No Issue Briefs in Dependency Cases

SDAP recommends the following procedure when appellate counsel cannot find an issue to brief in a dependency case. Counsel should file a brief that clearly indicates on the cover and in the text of the brief that no issue is being raised. The brief should include a statement of facts and case. It does not need to be long, but it should sufficiently explain the relevant facts to the court which will not necessarily read the record. You should then state that counsel has reviewed the entire record on appeal and remains available to brief any issue upon the court's request

Appellate counsel should argue in the brief that the supreme court decided: "[W]e do not exercise our supervisory powers to require the Court of Appeal to permit an indigent parent who has appealed from an order of the juvenile court affecting his or her parental rights to personally file a brief whenever appointed counsel files a brief raising no issues. Instead, we hold that the Court of Appeal has the discretion to permit the parent to personally file a brief and must do so only upon a showing of good cause that an arguable issue does, in fact, exist." (In re Phoenix H. (2010) 47 Cal.4th 835, 844-845.) Thus, the Court of Appeal should permit the parent 15 days to show to the court good cause why an arguable issue exists. If the court ultimately decides an arguable issue does exist, it should request appellate counsel to brief the issue.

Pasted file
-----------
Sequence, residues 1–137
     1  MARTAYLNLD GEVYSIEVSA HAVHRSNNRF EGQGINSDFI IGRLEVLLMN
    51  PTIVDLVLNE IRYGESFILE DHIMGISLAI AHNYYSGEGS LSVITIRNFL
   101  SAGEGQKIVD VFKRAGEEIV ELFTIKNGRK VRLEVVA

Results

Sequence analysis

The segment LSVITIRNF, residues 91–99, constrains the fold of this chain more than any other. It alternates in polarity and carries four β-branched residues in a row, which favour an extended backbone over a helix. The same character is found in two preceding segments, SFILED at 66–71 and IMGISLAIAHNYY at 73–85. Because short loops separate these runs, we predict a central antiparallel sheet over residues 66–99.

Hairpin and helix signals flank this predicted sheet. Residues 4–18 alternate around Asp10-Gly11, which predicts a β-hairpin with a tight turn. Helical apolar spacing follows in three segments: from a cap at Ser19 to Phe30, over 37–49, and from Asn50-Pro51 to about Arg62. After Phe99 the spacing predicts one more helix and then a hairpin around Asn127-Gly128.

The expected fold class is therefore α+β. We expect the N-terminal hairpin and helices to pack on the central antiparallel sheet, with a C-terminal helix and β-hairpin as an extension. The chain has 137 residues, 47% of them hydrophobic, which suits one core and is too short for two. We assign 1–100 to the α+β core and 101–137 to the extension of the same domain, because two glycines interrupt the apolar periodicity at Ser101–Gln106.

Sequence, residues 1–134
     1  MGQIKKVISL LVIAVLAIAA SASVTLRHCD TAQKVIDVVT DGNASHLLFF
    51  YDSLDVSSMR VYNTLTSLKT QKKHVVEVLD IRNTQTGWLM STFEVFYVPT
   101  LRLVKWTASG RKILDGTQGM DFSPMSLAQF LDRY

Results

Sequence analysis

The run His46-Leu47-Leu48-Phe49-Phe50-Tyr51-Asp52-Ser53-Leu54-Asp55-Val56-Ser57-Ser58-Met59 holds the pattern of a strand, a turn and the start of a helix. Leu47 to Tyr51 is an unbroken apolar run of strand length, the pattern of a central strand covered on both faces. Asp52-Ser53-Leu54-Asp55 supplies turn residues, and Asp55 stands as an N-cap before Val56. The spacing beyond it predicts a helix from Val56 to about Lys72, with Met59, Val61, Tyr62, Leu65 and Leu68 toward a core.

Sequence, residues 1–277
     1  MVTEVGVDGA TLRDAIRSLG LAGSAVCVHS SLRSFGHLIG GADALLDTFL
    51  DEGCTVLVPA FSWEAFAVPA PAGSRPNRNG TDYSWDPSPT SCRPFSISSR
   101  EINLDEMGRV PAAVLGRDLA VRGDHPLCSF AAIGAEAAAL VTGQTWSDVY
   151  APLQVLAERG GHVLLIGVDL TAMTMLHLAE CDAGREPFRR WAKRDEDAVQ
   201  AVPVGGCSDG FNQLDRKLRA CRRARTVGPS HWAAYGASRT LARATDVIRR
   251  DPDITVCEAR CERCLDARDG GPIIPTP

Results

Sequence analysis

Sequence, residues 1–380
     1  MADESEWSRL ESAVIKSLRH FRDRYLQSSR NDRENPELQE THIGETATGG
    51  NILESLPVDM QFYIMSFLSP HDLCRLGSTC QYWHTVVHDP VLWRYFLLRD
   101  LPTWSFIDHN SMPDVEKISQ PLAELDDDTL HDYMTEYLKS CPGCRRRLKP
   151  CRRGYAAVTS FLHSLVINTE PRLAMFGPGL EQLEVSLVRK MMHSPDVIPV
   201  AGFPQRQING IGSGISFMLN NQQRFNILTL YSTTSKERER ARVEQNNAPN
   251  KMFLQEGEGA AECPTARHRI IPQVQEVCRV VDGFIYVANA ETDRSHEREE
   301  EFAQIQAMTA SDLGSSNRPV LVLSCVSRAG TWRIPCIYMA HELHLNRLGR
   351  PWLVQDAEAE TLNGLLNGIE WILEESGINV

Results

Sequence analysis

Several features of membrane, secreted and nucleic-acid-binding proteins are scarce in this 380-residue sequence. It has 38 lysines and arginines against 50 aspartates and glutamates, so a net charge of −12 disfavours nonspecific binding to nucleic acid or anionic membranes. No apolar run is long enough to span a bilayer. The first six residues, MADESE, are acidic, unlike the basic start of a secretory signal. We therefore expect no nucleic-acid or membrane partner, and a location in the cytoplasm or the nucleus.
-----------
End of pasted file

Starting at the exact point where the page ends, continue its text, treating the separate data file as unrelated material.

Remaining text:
By the time you file the brief, you should have written to the client explaining that you could not find any issues to argue, that he or she now has an opportunity to inform the court of any issues he or she may think the case contains, and that he or she must do so within 15 days of you filing the no issues brief in the Court of Appeal.

(February 18, 2010)


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